I was hoping for a relaxing summer. I had plans for sitting on my deck with a good book, spending time in the garden with my herbs, soaking in the sun, beach days and picnics at parks. My plans came to a screeching halt with farm babies needing to be fed, my kiddos’ activities and keeping my family fed. Life still needed to happen.
With the chaos quickly burring my plans, I began to find myself with a short fuse. I may have even dropped the f-bomb once or twice. And the moment I realized I was maybe in an “unhealthy emotional state” was during a driving incident. I was running errands. Time was not on my side. And why is it that when you’re in a hurry, all the slow people are ahead of you in the fast lane?
I was fed up with a semi that had so conveniently cut me off. When he didn’t return to his own lane, I decided to maneuver around him. I pulled into the slow lane and started to pass, and, of course, that’s when he decides to put his blinker on to get over. That’s when I heard these words fly out of my mouth: “You better not f*$&*!@ cut me off again a*$&!%*.” WHAT???!!!!!
I looked in the rear-view mirror to find two sets of eyes bugging out of their innocent little heads. The “Mom lost it – don’t say a word” look was written all over their faces.
That’s when I laughed really hard, and then my kids laughed, too. In that moment, I remembered a mindfulness practice that I learned during April Hadley’s mindfulness course at Grand Rapids Center for Mindfulness. It takes routine activities like driving and transforms them into a mindful activity that keeps you anchored, so your emotions and thoughts don’t get in the way of staying in the present moment. I enjoy this because you can apply it anywhere: folding laundry, brushing your teeth, grocery shopping, etc… To do this we just have to set an intention to pay attention.
Let’s take driving, for example. Set the intention for your hand to be the physical sensation to anchor you for your attention. Pay attention to how the steering wheel feels. Is it hot or cold? How are you holding the steering wheel? What is the texture?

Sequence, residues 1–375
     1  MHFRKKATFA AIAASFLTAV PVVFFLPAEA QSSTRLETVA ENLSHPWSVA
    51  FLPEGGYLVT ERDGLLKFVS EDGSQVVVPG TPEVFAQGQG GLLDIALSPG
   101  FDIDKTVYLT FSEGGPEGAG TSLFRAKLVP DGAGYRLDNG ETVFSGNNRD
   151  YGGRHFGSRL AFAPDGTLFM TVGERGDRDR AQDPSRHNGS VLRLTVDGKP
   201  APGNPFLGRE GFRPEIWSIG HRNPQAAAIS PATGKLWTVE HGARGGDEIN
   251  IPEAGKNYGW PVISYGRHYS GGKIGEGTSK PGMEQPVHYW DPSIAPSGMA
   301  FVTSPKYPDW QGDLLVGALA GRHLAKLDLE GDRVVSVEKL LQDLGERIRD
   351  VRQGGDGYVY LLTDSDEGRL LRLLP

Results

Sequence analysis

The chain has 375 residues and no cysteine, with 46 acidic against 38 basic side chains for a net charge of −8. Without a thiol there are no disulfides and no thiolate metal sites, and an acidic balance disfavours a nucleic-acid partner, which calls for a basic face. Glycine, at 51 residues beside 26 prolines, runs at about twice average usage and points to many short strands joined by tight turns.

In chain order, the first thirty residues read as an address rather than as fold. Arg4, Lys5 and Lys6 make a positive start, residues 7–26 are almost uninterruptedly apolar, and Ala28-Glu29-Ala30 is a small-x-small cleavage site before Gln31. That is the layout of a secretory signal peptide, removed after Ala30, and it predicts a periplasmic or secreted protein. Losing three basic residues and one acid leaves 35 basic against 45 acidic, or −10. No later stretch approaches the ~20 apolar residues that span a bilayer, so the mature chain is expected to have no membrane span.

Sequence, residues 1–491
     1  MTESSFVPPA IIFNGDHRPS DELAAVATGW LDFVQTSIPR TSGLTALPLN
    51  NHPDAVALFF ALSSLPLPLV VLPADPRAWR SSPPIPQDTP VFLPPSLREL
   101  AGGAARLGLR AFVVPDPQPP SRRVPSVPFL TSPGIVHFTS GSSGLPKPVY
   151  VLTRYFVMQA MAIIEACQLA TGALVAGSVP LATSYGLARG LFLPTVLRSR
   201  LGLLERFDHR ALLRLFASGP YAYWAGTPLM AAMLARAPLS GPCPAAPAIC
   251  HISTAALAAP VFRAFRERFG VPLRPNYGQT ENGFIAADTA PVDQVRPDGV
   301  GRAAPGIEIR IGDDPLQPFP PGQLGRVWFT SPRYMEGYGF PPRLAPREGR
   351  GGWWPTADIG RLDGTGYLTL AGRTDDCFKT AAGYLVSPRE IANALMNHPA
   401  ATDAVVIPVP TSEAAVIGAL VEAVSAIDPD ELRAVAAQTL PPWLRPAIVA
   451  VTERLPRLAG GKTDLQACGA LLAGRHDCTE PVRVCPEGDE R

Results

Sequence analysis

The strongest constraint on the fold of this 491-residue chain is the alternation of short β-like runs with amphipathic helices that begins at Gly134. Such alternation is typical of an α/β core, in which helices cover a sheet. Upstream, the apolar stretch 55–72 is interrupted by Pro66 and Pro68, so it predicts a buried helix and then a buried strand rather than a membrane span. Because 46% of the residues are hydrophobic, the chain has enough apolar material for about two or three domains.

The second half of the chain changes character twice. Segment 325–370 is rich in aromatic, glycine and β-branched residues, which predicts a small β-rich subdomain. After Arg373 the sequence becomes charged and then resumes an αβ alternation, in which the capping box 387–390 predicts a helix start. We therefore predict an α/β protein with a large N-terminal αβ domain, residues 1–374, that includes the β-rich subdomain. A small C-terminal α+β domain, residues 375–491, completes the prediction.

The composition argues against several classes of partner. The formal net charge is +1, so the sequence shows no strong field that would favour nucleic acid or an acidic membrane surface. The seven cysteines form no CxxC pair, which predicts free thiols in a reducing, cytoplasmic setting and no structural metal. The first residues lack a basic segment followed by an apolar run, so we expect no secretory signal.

When you notice your attention moving away to a thought, acknowledge the thought and return your attention to the sensation of the steering wheel.
When you notice a physical sensation somewhere other than your hands, acknowledge that sensation and return to your anchor, the steering wheel.
The easiest way to start practicing this is to choose a simple activity. If you’re at home, you could set a timer in the beginning. Try vacuuming, sweeping or drinking tea or coffee. The more you do it, the easier it’ll be to put this into practice when life doesn’t go according to plan.
If you’re interested in other mindfulness practices, I would highly recommend contacting Grand Rapids Center for Mindfulness.
Author: Angela McElroy is a naturopathic practitioner with a special interest in children’s health. She treats both acute and chronic conditions including allergies, digestive concerns, skin complaints (boils, rash, eczema), nutritional deficiencies, and childhood illnesses. Angela works to support, encourage, balance, and bring healing to children and families struggling with ADHD, anger, anxiety, and other emotional imbalances.